The Killer Toy

by Bounpheng Sisawath [Lao National UXO Project]

In June 2004, in the village of Nongsoung of the Paksong district in Champassak province, Lao People's Democratic Republic, 30-year-old Pheng and four of her five children went out to plant vegetables. At noontime, while she was cooking lunch for the children, three of them began playing with something she could not see. Shortly thereafter, villagers two kilometers (one mile) away heard the sound of an explosion coming from the direction of Pheng's garden.

Image 1Pheng, a resident of Nongsoung, Lao PDR, was seriously injured after her children mistook a BLU-26 bomblet for a toy. All photos courtesy of Bounpheng Sisawath
Image 2Two-and-a-half-year-old Norm, who was shielded from the bombie by his mother, lost his three older siblings to the "killer toy."

Pheng lay on the ground unconscious, barely alive, covered with blood while her two-and-a-half year old son, Norm, sat nearby and played alone. He did not understand what had happened to his mother, sister and two older brothers. His sister, San, 11, and his two older brothers, Nya and Nga, 7 and 4, lay motionless. Norm was lucky because his mother's body acted as a shield, protecting him from the bomb fragments. When Pheng regained consciousness, she saw her children on the ground covered with blood, but her injuries prevented her from moving. Three of her children died in the incident before help arrived because the "killer toy" with which they were playing—a BLU-26 bomblet or "bombie"1—exploded.

The villagers arrived to help her and her children about half an hour after hearing the explosion. Pheng was taken to the hospital where she stayed for four days. She suffered injuries all over her body, including a broken right leg, and was riddled with bomb fragments lodged in her head, legs and arms. She was not poor, but she had to sell her land and animals to pay her debts to neighbors who lent her money for her hospital bills. Though she stayed in the hospital for only four days, she was unable to move easily for three months following the accident.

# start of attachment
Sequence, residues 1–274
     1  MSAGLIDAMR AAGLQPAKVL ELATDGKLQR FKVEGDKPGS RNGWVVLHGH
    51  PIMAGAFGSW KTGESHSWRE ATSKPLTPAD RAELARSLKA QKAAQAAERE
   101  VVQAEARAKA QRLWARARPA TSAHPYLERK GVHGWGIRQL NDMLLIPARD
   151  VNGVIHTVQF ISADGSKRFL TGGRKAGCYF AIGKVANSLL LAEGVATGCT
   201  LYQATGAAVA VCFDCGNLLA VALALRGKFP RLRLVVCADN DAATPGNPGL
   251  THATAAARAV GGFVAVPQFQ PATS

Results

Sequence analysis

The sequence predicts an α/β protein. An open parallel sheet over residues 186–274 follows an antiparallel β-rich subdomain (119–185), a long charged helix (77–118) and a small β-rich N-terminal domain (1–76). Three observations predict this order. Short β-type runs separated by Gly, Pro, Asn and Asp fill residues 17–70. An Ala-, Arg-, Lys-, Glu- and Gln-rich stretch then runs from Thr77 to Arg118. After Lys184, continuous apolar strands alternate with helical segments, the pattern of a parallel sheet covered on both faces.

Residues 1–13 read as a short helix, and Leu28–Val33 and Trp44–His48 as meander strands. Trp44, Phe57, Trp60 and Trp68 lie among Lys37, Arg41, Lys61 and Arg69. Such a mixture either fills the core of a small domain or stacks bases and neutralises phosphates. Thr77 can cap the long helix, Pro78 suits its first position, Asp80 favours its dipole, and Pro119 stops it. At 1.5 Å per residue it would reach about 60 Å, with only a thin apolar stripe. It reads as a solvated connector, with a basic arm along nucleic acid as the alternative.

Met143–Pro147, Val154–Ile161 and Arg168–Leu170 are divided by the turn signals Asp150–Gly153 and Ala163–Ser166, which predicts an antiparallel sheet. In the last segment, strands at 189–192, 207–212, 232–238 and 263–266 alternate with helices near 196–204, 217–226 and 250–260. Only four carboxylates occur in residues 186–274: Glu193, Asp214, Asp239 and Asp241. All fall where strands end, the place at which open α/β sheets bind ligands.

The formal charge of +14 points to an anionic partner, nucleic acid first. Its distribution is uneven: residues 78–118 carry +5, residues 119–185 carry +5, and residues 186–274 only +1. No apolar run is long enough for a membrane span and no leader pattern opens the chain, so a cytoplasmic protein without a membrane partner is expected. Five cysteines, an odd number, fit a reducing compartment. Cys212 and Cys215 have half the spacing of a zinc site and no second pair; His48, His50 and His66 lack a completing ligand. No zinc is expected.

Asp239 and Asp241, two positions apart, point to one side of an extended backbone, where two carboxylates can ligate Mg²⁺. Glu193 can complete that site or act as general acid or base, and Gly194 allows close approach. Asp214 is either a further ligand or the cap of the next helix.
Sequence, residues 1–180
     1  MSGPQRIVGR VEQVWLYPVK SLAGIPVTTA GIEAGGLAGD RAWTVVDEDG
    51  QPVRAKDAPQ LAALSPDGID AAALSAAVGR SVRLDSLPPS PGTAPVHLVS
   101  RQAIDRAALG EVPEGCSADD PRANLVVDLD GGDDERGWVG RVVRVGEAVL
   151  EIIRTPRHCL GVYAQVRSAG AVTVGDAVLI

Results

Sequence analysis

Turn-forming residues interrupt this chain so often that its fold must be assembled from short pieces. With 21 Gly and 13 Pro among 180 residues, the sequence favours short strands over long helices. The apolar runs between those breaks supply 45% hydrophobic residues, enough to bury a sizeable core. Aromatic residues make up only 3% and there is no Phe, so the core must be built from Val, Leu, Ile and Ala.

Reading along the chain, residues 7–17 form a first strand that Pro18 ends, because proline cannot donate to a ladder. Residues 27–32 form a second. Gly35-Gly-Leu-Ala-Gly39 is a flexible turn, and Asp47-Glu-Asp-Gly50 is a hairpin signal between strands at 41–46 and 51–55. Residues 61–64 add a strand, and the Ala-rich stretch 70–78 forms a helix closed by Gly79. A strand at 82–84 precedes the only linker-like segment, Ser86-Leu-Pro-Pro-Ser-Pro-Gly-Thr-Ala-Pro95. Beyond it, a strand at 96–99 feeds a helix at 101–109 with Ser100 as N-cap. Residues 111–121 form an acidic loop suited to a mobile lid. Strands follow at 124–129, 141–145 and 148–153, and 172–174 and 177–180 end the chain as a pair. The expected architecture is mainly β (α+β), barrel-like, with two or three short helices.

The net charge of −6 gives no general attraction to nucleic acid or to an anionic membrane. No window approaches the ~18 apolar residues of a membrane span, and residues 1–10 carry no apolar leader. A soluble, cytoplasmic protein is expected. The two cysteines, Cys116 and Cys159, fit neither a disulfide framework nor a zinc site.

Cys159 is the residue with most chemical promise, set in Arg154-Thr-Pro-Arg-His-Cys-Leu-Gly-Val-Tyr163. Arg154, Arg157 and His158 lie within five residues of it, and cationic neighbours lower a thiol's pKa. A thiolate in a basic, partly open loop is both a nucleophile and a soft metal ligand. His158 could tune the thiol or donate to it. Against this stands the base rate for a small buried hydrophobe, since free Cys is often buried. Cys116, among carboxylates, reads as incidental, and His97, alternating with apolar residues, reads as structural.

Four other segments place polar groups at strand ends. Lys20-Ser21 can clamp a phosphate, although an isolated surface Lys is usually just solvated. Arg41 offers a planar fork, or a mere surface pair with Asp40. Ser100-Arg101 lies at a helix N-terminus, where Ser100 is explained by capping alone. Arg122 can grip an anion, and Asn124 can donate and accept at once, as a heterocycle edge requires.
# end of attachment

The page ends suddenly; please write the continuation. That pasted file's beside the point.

Lao PDR has over 80 million such bomblets scattered all over 15 provinces. These bomblets are remnants of the second Indochina conflict between 1964 and 1973, known in America as the Vietnam War. Thirty years after the conflict ended, these bombies and other explosive remnants of war continue to maim, kill and destroy lives and properties as well as serve as a hindrance to the country's socioeconomic development.

The Lao National UXO Project (UXO LAO) is the national humanitarian unexploded-ordnance-clearance organisation. It operates in nine of the most impacted provinces, clearing land for agriculture and other development activities, as well as educating people to reduce the number of accidents from UXO. Since it was founded in 1996, over 7,200 hectares (28 square miles) of land have been cleared, benefitting more than five million people; unfortunately, accidents still happen. Despite having community awareness teams in each province, the work of such teams is not enough to remind and educate people of the dangers of UXO. A team is only able to visit four to six villages each month and every village once every three or four years due to resource constraints and the number of villages affected. The daunting task of clearing the more than 82,000 square kilometres (31,660 square miles)—more than one-third of the country's area—considered at risk from UXO will remain a challenge for future generations.

Biography

HeadshotBounpheng Sisawath currently works as a Technical Working Group Community Awareness Officer in Lao PDR. From 1996 to August 2006 he worked in various positions at UXO LAO Vientiane such as Chief of the Community Awareness Instruction, Database Technician and Chief of the Community Awareness Unit and Chief of the Public Information Unit. He studied at the Mining Institute in Moscow from 1987 to 1993, where he received a Master of Science in survey.

Endnotes

  1. For descriptions of these munitions, visit http://www.jmu.edu/cisr/_pages/research/munitions.shtml. Accessed November 1, 2006.

Contact Information

Bounpheng Sisawath
Technical Working Group Community Awareness Officer
Lao PDR Mine Action Sector
UXO National Regulatory Authority
Ban Sisavath tai
P.O. Box 345
Vientiane City / Lao PDR
Tel: +856 21 224220, 252819, 244218
Fax: +856 21 252819
E-mail: bounpheng_sisawath@yahoo.com